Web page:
Keywords: altruism; child labor; exploitation; social welfare function
    JEL: D63 D64 J10 J47 J80
    Date: 2013–06
  12. By: Hudson, Eibhlin (Trinity College Dublin); Barrett, Alan (ESRI, Dublin)
    Abstract: Research has shown that employment status, such as being unemployed or retired, can be related to well-being. In addition, the direction and size of these relationships can be influenced by the employment status of one's peer group. For example, it has been shown that the well-being of the unemployed tends to be higher for those living in high-unemployment areas compared to the unemployed living in low-unemployment areas. In this paper, we explore whether such employment peer effects impact upon the well-being of older workers. This is an important issue in the context of promoting longer working lives. If the well-being of older people in employment is lowered by low employment levels in their peer group, then sustaining high employment among older workers will be more difficult. We use data from the Irish Longitudinal Study on Ageing (TILDA) which is a nationally representative sample of people aged fifty and over and living in Ireland, collected between 2009 and 2011. Employment peer effects are proxied using the peer group non-employment rate where a peer is defined as someone in the same age-group and region and of the same gender. We find that for the employed, an increase in peer non-employment is associated with an increase in reported depressive symptoms, whereas for those not employed such an increase is associated with a decrease in reported depressive symptoms. However, these findings hold mainly for men.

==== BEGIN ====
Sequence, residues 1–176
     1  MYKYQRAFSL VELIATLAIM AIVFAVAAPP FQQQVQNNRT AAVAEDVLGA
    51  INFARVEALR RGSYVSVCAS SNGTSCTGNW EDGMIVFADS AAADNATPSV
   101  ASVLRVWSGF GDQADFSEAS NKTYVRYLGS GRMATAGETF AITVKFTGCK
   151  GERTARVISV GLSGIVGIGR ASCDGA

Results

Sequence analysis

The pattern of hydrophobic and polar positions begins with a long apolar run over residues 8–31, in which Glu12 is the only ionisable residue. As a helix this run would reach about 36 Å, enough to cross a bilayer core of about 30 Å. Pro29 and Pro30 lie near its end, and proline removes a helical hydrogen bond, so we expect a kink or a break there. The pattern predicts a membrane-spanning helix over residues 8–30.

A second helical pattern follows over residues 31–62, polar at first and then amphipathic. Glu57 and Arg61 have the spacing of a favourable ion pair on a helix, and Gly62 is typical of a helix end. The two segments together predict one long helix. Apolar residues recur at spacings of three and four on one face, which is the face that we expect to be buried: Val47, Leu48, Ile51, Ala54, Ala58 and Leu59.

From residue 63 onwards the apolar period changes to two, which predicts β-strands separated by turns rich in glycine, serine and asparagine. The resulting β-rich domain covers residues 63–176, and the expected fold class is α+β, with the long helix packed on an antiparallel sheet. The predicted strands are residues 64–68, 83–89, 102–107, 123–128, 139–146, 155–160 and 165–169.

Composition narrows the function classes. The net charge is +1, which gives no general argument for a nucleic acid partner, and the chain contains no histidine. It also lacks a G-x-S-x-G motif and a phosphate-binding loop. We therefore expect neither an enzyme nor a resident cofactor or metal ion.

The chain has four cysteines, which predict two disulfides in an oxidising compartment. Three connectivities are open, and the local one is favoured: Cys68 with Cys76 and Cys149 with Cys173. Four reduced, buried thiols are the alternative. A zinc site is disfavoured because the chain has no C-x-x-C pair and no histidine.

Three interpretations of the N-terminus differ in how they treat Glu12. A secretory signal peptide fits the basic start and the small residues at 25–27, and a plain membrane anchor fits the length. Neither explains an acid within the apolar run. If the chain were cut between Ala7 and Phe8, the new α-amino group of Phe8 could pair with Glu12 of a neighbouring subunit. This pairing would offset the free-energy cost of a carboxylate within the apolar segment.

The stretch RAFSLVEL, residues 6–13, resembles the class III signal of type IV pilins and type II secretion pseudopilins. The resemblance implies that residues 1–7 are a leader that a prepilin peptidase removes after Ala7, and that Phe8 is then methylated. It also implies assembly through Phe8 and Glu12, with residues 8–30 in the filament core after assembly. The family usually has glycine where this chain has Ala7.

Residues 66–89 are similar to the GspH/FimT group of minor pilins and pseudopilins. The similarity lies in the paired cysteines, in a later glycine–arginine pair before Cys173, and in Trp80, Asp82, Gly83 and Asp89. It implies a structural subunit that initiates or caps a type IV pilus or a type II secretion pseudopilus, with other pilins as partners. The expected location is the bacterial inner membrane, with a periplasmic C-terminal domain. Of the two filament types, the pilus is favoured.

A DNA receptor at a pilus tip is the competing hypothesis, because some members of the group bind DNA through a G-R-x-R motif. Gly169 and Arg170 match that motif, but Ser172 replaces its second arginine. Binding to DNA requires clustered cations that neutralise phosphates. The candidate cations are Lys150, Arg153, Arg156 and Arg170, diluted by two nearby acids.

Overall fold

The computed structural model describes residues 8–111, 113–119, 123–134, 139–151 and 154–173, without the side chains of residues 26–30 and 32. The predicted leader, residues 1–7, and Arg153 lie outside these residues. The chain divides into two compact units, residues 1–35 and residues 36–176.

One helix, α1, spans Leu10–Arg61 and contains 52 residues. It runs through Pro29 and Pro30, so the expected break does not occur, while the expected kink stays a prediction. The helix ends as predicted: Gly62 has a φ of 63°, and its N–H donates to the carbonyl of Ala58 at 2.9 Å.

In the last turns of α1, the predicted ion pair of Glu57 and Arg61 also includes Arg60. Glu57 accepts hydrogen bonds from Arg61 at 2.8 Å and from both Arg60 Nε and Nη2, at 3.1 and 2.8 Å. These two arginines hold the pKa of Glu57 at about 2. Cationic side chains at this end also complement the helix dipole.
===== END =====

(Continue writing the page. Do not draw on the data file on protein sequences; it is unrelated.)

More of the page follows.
Keywords: peer groups, well-being, older adults
    JEL: I10 J26 C21
    Date: 2013–08